The Eliat Ashkelon Pipeline Company plans to capitalise further on its coveted position in the heart of the Mediterranean basin with additional capacity
Situated on one of the world's most strategic crossroads, the Eilat Ashkelon Pipeline Company is a crucial link in connecting the European and eastern energy markets.
Since the 1960s, the company has established comprehensive storage and logistics infrastructure to capitalise on the natural narrow land bridge between the Red Sea and the Mediterranean.
As Israel embarks on an energy revolution, with more investment focused on storage and pipeline assets, the EAPC is poised to meet the growing demand for capacity in the region.
In an interview with Tank Storage Magazine, Effie Milutin, deputy general manager at EAPC, explains that the lack of capacity in the Mediterranean basin and the demand for storage in the eastern Mediterranean prompted the company to expand in 2010 with an extra 800,000 m3 of capacity.
He says: 'The EPAC links Europe and the east, connecting energy producers to their markets.
'With the ability to pump crude oil in both directions, EAPC offers its international customers substantially increased storage capacity and flexibility.
'Cargoes from Russia and central Asia can take the shorter, faster, cost-effective route to energy markets in the east without circling Africa or adhere to the size limitations of the Suez Canal. White products from the eastern hemisphere can also make their route to Europe and utilise the EAPC's hub.'
Such is demand for capacity that executives are in the final stages of receiving approvals and permits for an additional 800,000 m3 storage capacity for crude oil in Ashkelon Oil Port. Once complete, it will bring EAPC's total storage capacity at both ends of the pipeline to 4.5 million m3.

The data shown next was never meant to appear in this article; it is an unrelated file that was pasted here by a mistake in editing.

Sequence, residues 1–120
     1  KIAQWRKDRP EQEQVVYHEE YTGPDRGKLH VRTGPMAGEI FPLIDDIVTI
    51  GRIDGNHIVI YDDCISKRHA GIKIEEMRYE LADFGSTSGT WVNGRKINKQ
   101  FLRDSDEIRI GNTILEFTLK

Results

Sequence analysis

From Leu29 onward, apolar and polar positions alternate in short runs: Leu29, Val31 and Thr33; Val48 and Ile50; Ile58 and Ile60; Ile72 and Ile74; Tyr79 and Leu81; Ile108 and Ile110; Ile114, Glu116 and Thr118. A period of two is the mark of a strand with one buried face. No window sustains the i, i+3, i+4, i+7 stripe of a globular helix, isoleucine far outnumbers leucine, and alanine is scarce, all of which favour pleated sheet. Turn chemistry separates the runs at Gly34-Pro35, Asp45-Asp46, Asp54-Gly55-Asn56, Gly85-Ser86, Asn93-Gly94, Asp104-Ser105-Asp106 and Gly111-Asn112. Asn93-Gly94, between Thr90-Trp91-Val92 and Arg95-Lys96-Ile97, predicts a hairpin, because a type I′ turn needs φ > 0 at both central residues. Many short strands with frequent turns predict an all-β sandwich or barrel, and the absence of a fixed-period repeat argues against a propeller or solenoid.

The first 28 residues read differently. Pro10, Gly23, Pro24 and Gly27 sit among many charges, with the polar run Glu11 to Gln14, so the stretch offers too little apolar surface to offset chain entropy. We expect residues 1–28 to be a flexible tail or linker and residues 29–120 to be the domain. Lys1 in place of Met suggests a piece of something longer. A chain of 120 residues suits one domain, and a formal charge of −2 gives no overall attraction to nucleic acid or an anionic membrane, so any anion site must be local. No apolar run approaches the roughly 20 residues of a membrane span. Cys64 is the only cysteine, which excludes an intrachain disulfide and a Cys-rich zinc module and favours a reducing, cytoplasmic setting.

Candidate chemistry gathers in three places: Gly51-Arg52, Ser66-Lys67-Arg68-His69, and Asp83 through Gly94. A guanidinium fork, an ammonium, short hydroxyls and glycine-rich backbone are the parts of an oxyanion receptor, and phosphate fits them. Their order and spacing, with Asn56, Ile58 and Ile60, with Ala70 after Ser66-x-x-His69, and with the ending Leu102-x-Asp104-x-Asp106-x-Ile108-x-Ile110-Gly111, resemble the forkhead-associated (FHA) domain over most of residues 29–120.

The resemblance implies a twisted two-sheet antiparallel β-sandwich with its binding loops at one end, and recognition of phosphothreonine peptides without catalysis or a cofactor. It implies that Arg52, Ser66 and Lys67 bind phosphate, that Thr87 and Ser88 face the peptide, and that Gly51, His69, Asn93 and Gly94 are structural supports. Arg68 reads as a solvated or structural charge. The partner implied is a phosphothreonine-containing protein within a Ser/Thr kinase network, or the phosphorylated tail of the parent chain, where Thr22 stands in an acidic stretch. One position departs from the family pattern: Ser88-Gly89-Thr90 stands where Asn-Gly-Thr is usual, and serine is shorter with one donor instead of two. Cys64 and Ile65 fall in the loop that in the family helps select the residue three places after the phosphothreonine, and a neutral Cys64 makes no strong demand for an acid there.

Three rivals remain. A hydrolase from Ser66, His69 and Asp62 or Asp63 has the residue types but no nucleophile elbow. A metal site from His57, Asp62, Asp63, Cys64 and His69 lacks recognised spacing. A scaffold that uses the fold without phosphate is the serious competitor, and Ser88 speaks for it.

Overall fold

Uniquely, the company engineered their pipeline system as part of their reverse flow project. The system can pump crude oil from the Mediterranean Oil Port of Ashkelon, through the 42 inch pipeline to the company's other terminal in Eilat on the Red Sea. This bi-directional functionality has also allowed the company to double its operational storage capacity.
Milutin explains: 'One of the reasons that triggered the reverse flow project was the assumption that part of the crude oil produced in Russia and the central Asian republics can be marketed at competitive prices for distribution in southern Asia and the Far East.
'The long route around Africa and the limitations of the Suez Canal in relation to the size of the tankers, gives our route a definite competitive advantage.
'EACP's range of facilities offers the option of collecting several cargoes of 600,000 barrels or 1 million barrels at our storage terminals and then re-delivering bigger cargoes at Eliat or Ashkelon.'
The majority of crude oil capacity in Israel is provided by EAPC. The two pipelines from Ashkelon Oil Port, feed Israel's two oil refineries: Haifa in northern Israel and Ashdod in central Israel.
A state owned company, together with another company operates the national grid of pipelines for oil products, as well as the distribution of these products to Israeli customers.
Milutin adds: 'EAPC has capacities among the world's largest, and serves the needs of the Israeli market, together with international commercial and logistical requirements. A majority of the company's systems and facilities also serve foreign energy companies and trading houses, by providing a logistic hub for crude oil and oil products.'
Milutin will be speaking on the first day of the StocExpo Europe conference on March 28 about EAPC's role in the Mediterranean basin and its future expansion plans. Visit the website for more information about the conference.
It's all about locationA Middle Eastern first Securing safety excellence in storage A gateway to global business Storage: a rapid growth story Ethanol is not petrol - test results raise fire safety issues Oil logistics: the highest level of data exchange fidelity Tank degassing and cleaning with encapsulator agents Integrated terminal automation solution facilitates remote depot management Risk management or risk blindness?